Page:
clock menu more-arrow no yes

Filed under:

Blueshirt Banter 2018 New York Rangers Prospect Rankings: 15-11

New, comments
New York Rangers v New Jersey Devils Photo by Bruce Bennett/Getty Images

15. Tim Gettinger, Left Wing

2017 Ranking: 15

Age: 20

Acquired Via: 2016 Draft (Fifth Round)

If I’m being honest, I was mildly disappointed by Gettinger’s scoring output during his 19-year-old season in the OHL. I thought he would put up 40 goals. Instead, he produced 33 in 66 games after potting 31 in 62 games the season before. Not exactly the end of the world, but given his age and the talent around him I expected a bit more.

Nonetheless, he had a productive season. I can’t say enough about how impressive it is that he not only fit into the Sault Ste. Marie Greyhounds’ system, but was an important player. The Greyhounds play extremely intricate systems and require skill on the puck, good skating, and quick decision making. They’re well known for utilizing undersized players.

So for the 6’6, 220-pound Gettinger to excel within that structure is nothing to shrug off. Gettinger was a zone entry machine. He shows unexpected calm on the puck and will either skate it into the offensive zone or find an open outlet in the neutral zone even under pressure.

It’s also worth noting that he rarely played with SSM’s big guns at five-on-five. At least in my viewings, he was rarely on a line with their top players like Morgan Frost, Boris Katchouk, and Barrett Hayton. Instead, he was usually paired with the good-but-not-great Hayden Verbeek and a more pedestrian third player; often young and (at this time) unproductive 16-year-old Cole MacKay.

Though I’ve established that Gettinger is not just a typical meat-and-potatoes grinder, he does play that role very well. This year he used his size more along the walls. He’s a strong forechecker who uses his size and reach to force turnovers. On the defensive side, he was an elite penalty killer in the OHL and tied for the league lead in 4v5 goals (5).

Theoretically, Gettinger could make the Rangers’ roster or be sent back to the OHL for an overage season. I’d be stunned if he spends 2018-2019 anywhere besides the AHL, however. He would do well to work on his explosiveness because, while his long strides take him far once in motion, it can take a bit for the gears to move. His long reach helps him compensate for that on the backcheck, but going forward it will benefit him at the pro level where the game is a bit quicker.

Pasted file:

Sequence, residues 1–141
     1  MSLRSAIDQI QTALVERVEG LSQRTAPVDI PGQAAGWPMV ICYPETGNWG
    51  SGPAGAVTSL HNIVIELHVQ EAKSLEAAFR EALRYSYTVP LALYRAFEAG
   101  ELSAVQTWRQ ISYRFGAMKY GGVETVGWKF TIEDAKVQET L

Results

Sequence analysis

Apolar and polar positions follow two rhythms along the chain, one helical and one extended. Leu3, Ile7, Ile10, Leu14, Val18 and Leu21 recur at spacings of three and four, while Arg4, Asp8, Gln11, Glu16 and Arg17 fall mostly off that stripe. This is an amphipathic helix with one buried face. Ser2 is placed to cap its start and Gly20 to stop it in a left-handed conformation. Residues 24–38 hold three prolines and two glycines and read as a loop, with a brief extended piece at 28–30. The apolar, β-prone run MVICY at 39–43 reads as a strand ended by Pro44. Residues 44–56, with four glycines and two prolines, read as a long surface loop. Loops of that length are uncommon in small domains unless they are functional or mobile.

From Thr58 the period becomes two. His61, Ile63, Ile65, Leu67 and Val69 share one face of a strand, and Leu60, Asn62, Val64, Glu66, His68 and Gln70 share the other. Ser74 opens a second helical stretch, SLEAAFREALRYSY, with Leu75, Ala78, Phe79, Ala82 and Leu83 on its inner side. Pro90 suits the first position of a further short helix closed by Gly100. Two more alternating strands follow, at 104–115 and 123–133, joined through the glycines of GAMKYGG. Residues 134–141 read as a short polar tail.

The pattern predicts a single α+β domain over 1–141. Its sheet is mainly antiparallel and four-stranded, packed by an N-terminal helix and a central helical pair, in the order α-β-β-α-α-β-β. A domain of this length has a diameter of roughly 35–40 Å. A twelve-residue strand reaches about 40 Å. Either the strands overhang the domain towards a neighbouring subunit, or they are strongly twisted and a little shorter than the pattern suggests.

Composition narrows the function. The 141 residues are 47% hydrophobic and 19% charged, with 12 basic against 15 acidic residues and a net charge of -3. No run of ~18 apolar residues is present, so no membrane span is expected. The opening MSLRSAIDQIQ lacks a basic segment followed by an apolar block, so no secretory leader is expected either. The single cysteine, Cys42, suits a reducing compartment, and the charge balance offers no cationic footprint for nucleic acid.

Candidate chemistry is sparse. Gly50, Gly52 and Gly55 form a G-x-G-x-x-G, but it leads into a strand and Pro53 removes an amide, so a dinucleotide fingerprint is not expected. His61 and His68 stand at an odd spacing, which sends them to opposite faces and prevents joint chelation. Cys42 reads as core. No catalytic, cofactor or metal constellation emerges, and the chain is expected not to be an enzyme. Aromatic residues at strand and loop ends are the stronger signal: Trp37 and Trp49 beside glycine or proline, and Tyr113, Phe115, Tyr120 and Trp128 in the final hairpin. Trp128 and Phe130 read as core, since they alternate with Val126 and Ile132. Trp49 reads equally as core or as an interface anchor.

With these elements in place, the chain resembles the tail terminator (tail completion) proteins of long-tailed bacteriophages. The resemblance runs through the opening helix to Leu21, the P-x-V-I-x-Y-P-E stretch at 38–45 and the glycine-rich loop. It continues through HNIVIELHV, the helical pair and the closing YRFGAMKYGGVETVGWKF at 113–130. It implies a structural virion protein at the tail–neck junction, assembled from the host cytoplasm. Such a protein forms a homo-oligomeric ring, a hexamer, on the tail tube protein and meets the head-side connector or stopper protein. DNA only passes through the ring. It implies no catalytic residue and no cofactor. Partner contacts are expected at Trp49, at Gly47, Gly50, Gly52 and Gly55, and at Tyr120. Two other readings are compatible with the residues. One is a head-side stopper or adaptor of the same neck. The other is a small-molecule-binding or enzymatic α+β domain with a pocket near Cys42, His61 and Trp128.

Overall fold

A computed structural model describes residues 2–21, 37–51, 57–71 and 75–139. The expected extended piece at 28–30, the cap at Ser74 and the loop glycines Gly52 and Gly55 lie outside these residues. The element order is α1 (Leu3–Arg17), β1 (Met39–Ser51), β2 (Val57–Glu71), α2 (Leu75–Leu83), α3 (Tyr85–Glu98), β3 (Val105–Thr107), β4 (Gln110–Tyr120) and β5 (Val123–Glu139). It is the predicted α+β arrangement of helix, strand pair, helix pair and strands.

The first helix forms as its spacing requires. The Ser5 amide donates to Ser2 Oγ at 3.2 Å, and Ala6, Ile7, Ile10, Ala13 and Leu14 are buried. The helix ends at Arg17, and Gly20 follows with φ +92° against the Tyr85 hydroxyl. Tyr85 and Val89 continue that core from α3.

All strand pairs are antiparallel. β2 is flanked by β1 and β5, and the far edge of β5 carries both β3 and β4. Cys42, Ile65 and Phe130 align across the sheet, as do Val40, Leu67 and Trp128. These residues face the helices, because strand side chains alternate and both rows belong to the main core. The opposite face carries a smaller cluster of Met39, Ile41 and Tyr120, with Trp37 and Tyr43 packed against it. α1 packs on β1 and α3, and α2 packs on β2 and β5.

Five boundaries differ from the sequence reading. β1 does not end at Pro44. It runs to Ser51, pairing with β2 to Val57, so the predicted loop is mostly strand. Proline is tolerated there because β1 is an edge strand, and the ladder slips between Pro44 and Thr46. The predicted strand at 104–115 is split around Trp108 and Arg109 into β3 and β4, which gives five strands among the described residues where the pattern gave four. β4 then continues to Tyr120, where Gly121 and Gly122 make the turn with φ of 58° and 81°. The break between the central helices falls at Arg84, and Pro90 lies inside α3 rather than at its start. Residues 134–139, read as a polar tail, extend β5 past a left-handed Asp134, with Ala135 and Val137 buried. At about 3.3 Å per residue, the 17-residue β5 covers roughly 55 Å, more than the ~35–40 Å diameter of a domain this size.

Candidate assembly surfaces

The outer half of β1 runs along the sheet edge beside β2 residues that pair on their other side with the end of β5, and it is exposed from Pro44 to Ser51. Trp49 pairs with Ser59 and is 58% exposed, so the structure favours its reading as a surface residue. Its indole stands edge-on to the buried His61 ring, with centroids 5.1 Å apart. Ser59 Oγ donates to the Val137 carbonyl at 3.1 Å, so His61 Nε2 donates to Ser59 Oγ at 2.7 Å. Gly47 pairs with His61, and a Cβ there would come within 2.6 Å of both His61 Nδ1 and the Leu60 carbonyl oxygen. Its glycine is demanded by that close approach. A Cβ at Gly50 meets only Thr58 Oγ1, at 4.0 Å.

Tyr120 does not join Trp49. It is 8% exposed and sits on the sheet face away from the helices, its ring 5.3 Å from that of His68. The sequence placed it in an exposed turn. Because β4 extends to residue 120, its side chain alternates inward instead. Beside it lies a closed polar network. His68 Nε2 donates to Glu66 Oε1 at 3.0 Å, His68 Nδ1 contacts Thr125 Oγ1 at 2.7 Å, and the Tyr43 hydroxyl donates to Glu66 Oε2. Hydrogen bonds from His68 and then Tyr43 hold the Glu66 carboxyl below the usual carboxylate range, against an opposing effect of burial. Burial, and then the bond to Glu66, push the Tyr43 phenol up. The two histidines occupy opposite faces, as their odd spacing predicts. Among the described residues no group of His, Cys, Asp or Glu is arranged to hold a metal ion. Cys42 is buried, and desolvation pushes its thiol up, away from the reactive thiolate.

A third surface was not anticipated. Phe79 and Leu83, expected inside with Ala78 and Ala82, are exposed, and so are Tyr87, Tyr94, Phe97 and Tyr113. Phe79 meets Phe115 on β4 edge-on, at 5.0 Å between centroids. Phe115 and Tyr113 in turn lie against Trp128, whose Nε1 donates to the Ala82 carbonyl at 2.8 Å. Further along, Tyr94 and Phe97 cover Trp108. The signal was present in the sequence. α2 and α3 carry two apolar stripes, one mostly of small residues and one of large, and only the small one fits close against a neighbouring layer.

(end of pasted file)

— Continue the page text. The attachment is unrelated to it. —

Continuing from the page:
The upside for Gettinger is perhaps someone like former NHLer Bryan Bickell; someone who can play the role of a physical bottom-six grinder, play important PK minutes, and chip in 15 goals and 30 points.

14. Sean Day, Left Defense

2017 Ranking: 5

Age: 20

Acquired Via: 2016 Draft (Third Round)

While I wouldn’t say anything overly dramatic about Sean Day’s 19-year-old season in the OHL, there was certainly noticeable growth in his game, though a hit to his knee forced him to miss a month. The numbers show this quite clearly, as he produced 47 points in 50 games after earning just 37 in 63 games the season prior.

The main difference for Day was his decision making in the offensive zone. Creating zone entries out of nothing has always been his bread-and-butter, but in the past he struggled to make that final decision that would immediately set his team - if not himself - up for offense. This season, his picked his spots better and used his agility to create space and find passing or shooting lanes.